A sharp 93-year-old Norman Lear graced the Television Critics Association Summer Press Tour Saturday, when he talked everything from politics (“You will not fuck with my Bill of Rights”), potential reboots of his classic shows, to PBS, which is honoring the TV icon via an upcoming “American Masters.”
Lear updated reporters on his plans to remake an English-language all-Latino version of “One Day at a Time,” a reboot that was first reported in January. Lear told reporters on Saturday that he’d like the single mother to have a son and a daughter this time as opposed to two daughters, which the original version featured in Valerie Bertinelli and Mackenzie Phillips.
Lear also wants a grandmother on the show “so there will be three generations of women,” he said Saturday. “I love the idea because I don’t see enough of that on the air any place … and I think it’s a rich idea.”
While Lear couldn’t or wouldn’t share any casting details, he said: “It is a possibility and in a couple weeks I will let you know if it’s happening.”
During the weekend panel, a brave journalist asked Lear about an April New York Times op-ed the “All in the Family” creator penned, which was critical of the public broadcasting channel. The timing was interesting if not ironic, as Lear was only in attendance because of PBS’ fawning documentary.
Still, Lear elaborated on the point-of-view expressed in “Is PBS Neglecting Its Mission?” and simultaneously brought his patriotism back into play.
“If you follow me clearly, you’ll find me critical of my country — a lot,” Lear (pictured above) told reporters at the Beverly Hilton. “And if you follow me even more closely, you’ll find out how much I love my country. And it’s because I love it that I take the moment of time — of thought — to deal with it when I think it’s wrong.”
“Same is true of PBS,” he continued on Saturday. “I love what it means for my children and grandchildren. And I love it well enough to criticize it when it’s wrong.”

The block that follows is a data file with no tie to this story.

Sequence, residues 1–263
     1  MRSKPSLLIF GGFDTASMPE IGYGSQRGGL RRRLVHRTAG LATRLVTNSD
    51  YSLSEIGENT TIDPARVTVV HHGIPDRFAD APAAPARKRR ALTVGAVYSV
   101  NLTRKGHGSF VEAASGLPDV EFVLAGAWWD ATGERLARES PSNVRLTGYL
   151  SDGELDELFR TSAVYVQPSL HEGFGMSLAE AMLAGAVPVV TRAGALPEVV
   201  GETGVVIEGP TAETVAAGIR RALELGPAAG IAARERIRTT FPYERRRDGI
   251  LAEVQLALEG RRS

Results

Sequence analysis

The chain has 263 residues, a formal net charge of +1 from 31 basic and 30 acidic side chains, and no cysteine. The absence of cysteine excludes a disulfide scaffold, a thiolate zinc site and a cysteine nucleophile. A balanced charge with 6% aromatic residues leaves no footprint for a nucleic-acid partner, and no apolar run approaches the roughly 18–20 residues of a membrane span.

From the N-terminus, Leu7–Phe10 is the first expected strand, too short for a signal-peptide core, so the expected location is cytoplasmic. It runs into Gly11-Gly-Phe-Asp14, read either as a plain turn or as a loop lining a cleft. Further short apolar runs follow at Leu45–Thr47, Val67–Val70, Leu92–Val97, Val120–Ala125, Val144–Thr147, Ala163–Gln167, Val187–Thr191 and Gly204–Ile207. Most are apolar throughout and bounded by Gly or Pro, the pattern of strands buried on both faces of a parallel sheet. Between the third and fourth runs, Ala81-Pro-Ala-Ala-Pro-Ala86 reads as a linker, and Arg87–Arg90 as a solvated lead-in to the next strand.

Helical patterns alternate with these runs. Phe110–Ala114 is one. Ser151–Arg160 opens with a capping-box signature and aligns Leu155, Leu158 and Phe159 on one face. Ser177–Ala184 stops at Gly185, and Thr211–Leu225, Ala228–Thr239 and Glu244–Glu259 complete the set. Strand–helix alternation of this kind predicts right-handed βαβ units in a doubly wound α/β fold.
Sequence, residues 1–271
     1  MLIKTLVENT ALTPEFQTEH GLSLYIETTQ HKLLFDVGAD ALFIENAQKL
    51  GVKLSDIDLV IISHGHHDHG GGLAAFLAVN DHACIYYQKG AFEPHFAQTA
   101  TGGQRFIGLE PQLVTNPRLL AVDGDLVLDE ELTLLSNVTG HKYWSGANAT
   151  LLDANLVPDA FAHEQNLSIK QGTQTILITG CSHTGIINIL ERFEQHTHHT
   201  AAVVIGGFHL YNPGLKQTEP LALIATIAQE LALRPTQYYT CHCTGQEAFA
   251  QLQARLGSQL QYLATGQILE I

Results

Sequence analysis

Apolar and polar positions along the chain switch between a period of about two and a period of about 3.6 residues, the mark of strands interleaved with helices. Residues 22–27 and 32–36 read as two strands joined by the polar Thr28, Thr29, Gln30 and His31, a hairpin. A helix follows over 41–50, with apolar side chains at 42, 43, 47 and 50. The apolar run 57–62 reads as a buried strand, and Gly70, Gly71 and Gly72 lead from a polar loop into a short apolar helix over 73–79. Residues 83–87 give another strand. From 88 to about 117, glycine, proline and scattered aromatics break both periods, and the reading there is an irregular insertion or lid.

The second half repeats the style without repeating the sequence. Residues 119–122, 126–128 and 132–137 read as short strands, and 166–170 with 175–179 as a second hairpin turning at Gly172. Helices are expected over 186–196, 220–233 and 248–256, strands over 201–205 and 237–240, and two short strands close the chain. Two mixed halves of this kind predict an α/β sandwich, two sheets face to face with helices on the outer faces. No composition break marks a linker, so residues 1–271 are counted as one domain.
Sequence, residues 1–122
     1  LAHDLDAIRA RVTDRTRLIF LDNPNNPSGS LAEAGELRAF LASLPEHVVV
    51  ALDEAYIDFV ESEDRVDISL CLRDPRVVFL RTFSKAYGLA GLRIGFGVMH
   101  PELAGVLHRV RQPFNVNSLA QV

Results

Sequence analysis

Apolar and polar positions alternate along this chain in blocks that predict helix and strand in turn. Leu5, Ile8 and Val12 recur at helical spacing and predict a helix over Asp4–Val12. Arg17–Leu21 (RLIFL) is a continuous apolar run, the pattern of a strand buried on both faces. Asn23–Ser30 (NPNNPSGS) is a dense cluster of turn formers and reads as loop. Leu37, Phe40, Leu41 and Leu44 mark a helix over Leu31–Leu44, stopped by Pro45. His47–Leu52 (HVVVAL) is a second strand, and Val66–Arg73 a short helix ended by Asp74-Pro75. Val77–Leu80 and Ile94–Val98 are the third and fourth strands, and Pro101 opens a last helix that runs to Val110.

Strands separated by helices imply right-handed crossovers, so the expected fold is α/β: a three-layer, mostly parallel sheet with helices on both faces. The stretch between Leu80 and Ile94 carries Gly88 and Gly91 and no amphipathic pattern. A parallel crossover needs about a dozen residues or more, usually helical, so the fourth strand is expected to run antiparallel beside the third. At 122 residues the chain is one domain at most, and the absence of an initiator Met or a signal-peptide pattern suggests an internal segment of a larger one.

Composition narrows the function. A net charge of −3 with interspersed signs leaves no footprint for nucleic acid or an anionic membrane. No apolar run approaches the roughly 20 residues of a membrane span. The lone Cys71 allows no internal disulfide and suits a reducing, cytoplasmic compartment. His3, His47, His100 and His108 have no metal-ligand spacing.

A few months back, Lear had panned PBS’ move away from documentaries and towards a bit of a ratings chase.
“Unfortunately, PBS is now threatening, for the second time in four years, to downgrade documentaries, which are at the heart of its public mission,” Lear wrote, referring to the launch of “Wolf Hall” behind the success of “Downton Abbey.” “As it chases ratings, PBS risks neglecting the core of its public mission and mandate.”
“It could devastate independent documentary filmmaking,” Lear penned of recent PBS scheduling changes.
His piece concluded: “Diversity, community and accountability are cornerstones of its founding charter. PBS should keep those principles in mind and keep independent documentary films where they belong: in primetime.”
While Lear did generally praise modern television as being in a “Golden Age,” he spoke to one definite lacking that he sees: a dearth of topical TV series. Lear’s many series, which also includes “The Jeffersons,” “Good Times” and “Sanford and Son,” were known for tackling social issues head on.
“My guess is that they’re fully capable of doing it, they just don’t elect to,” Lear said of broadcast channels these days. “Or the … networks you’re talking about don’t elect to have them elect to.”
“They’re doing very well,” he acknowledged. “I love ‘Modern Family.’ It has a lot to say about a lot of situations.”
But again, “It doesn’t talk about some of the things that we dealt with, and I think it’s because they don’t elect to.”